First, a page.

A former Florida college football player has reached a plea deal in the case of the 2016 shooting death of his girlfriend, with whom he shared two daughters — one of whom may have witnessed her mother’s murder.
Earl Antonio Joiner, 37, has pleaded guilty in connection with the death of Heyzel Obando, 26, who police say died after being shot sometime between Feb. 13 and Feb. 14, 2016. Cops said it was Joiner who shot and killed Obando, the mother of his two younger daughters, in their Fort Myers apartment. Although he had a history of alleged abuse against Obando, Joiner wasn’t arrested until 2019.
Joiner was a former captain and safety for the University of Florida football team, the Florida Gators, from 2004 to 2007, playing under head coach Urban Meyer and serving as a team captain his senior year. As a senior, Joiner was teammates with future Patriots tight end Aaron Hernandez, who himself was convicted in one murder and acquitted in another.
Lee County records show that Joiner is scheduled for a June 5 hearing at 1:00 p.m., although the charge to which Joiner is pleading was not immediately clear. Samantha Syoen, Communications Director at Office of the State Attorney in the 20th Judicial Circuit, confirmed the existence of a plea agreement to Law&Crime, but she cautioned that the agreement still has to get in front of a judge and that the defendant still has to formally accept it in court.
Joiner’s attorney, Donna Peterson, declined to comment to Law&Crime, citing the ongoing case.
According to a probable cause affidavit, Joiner called 911 on Feb. 14, 2016, claiming to have found Obando covered in blood. Police officers found Joiner appearing to perform CPR on Obando, but said that it his efforts were “futile because [Obando] was very obviously dead and had been dead for quite some time.” One officer described Joiner’s behavior at the scene to be “bizarre and not what he would have expected from a person who had just discovered a deceased loved one,” according to the affidavit. The officer also described Joiner as “cold and emotionless” and said he was “completely silent” as he sat in a patrol car for several hours while the crime scene was being investigated.
“Joiner was sitting on the curb and did not appear to be distressed or emotional about [Obando’s] death, nor was he attempting to console his children,” the affidavit says.
He didn’t ask any questions during this about what happened to Obando, the affidavit says. One witness who spoke with investigators said that Joiner stayed with him after Obando’s death but that he “did not seem very upset” about it, nor did he attend her funeral. The affidavit later notes that Joiner said he didn’t go to the funeral because he wasn’t told about it.
Another officer at the scene noted that Joiner had left his daughters — Obando’s children — in a running car in a parking lot. According to the affidavit, Joiner had told officers that he left the girls in the car because he intended to get Obando’s help in carrying them into the apartment, as the youngest one was asleep.
One expert who interviewed the girls after their mother’s death reported that her “impression was that [redacted] may have witnessed her mother’s murder.”
“Poppy shooted mommy,” one of the young girls said to the pediatric nurse who examined her. “Mommy blood.”
“She was asked if her mommy talked or said any words after that,” the affidavit says. “She said ‘No.'”
Despite investigators’ apparent suspicions of Joiner’s involvement, Obando’s death went unsolved for three years and was considered a cold case. A break in the case appears to have come in March 2019 when, according to the affidavit, a cold case investigator “discovered photographs on [redacted] cellular phone records of an unknown male holding a gun.” The picture was taken from outside the passenger side of a vehicle and the serial number was visible. Detectives traced that gun — a 9mm semi-automatic handgun — to its original owner, who told police that he purchased it in October of 2015 and sold it to Joiner around a year later, without ever having used it.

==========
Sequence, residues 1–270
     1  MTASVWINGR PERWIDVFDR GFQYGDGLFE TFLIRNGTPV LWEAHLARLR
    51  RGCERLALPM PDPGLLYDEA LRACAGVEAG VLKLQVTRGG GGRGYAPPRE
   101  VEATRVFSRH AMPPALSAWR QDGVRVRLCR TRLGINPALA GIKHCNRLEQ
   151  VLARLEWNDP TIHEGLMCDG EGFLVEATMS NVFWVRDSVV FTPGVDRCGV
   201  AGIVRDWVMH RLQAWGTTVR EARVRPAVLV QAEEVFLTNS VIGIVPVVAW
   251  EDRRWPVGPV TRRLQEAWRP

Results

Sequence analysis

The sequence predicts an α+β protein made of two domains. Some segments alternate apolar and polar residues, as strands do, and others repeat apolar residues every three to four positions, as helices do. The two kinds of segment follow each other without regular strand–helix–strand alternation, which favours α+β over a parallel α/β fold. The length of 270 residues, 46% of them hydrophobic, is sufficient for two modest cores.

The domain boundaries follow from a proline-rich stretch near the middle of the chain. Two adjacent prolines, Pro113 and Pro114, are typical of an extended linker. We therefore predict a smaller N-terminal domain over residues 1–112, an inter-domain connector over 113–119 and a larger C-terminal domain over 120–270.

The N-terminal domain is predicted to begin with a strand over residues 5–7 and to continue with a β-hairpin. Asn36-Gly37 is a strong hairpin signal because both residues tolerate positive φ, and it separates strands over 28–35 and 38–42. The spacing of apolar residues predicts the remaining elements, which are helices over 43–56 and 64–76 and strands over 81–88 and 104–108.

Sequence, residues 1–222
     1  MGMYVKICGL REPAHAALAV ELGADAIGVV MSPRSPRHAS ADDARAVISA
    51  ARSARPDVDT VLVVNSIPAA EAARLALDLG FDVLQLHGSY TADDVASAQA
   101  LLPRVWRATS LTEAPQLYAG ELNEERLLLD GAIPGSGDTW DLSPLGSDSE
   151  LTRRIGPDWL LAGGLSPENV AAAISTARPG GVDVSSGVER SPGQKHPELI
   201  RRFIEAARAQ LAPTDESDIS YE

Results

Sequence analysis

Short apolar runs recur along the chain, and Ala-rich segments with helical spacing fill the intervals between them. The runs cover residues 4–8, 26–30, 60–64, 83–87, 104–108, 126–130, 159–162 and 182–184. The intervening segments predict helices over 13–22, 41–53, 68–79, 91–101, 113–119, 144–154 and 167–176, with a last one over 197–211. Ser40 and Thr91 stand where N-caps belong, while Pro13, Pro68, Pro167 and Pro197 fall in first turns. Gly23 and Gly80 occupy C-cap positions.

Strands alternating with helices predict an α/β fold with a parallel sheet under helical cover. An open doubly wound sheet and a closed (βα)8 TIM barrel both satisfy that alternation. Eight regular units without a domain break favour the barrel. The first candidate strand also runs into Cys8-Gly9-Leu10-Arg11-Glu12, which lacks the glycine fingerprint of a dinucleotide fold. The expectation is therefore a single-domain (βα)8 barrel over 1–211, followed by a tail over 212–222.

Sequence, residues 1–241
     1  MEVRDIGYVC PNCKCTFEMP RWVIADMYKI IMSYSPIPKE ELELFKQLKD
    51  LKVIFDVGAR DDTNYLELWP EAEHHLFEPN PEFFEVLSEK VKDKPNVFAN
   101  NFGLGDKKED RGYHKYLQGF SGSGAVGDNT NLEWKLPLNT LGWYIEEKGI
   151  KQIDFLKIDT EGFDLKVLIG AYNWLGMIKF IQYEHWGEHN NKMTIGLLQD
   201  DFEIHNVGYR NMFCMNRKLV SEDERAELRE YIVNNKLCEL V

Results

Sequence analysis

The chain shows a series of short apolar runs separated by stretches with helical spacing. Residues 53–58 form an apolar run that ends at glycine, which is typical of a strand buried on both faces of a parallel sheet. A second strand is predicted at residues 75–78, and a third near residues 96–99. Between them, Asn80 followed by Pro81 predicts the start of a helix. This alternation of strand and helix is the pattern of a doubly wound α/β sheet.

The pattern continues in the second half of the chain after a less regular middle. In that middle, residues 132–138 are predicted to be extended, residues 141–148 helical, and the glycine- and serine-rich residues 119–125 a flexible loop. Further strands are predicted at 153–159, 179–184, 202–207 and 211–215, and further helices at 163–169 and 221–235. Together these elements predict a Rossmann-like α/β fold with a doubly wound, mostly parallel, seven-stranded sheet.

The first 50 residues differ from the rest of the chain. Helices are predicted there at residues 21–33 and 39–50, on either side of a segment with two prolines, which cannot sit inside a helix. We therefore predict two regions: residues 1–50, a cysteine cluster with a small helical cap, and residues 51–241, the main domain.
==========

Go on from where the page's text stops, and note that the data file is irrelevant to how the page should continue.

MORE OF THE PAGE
That witness also told police that he was the one who took the picture of the “unknown male,” who he identified as Joiner, and confirmed that he had texted that picture to Joiner.
According to the affidavit, investigators had found one spent cartridge casing of a 9mm bullet in the northeast corner of the apartment bedroom where Obando was killed, and one live round of the same ammunition in a closed nightstand drawer next to the bed.
Following Joiner’s arrest, he was arrested and charged with second-degree murder with a firearm.
The affidavit shows two prior domestic violence cases against Joiner in 2013. In the first instance, he allegedly bloodied Obando at a mall during an argument about his ex-girlfriend calling him. Later that year, the day after Christmas, he allegedly waved a bat in a poking-type manner in front of her, striking her in the forehead with it and causing a large lump and swelling.
Those who knew the couple told investigators the two had a contentious relationship, marked by Joiner’s violent temper.
“One day, I’m going to kill you,” he allegedly said in one instance, according to the affidavit.
Another witness, a neighbor who knew both Obando and Joiner, said that Obando once described an incident where Joiner had grabbed her by the throat and slammed her against the wall.
“I told my mom that if something ever happens to me, it will be him [Joiner],” the witness recalls Obando saying, according to the affidavit.
According to the affidavit, Joiner had denied ever striking Obando.
Obando’s mother, Isabel Martinez, was granted permanent custody of Obando and Joiner’s two daughters in 2017.
Read the probable cause affidavit for Joiner’s arrest, below.
Editor’s Note: A previous version of this story identified the victim as Joiner’s wife. She was his live-in girlfriend.
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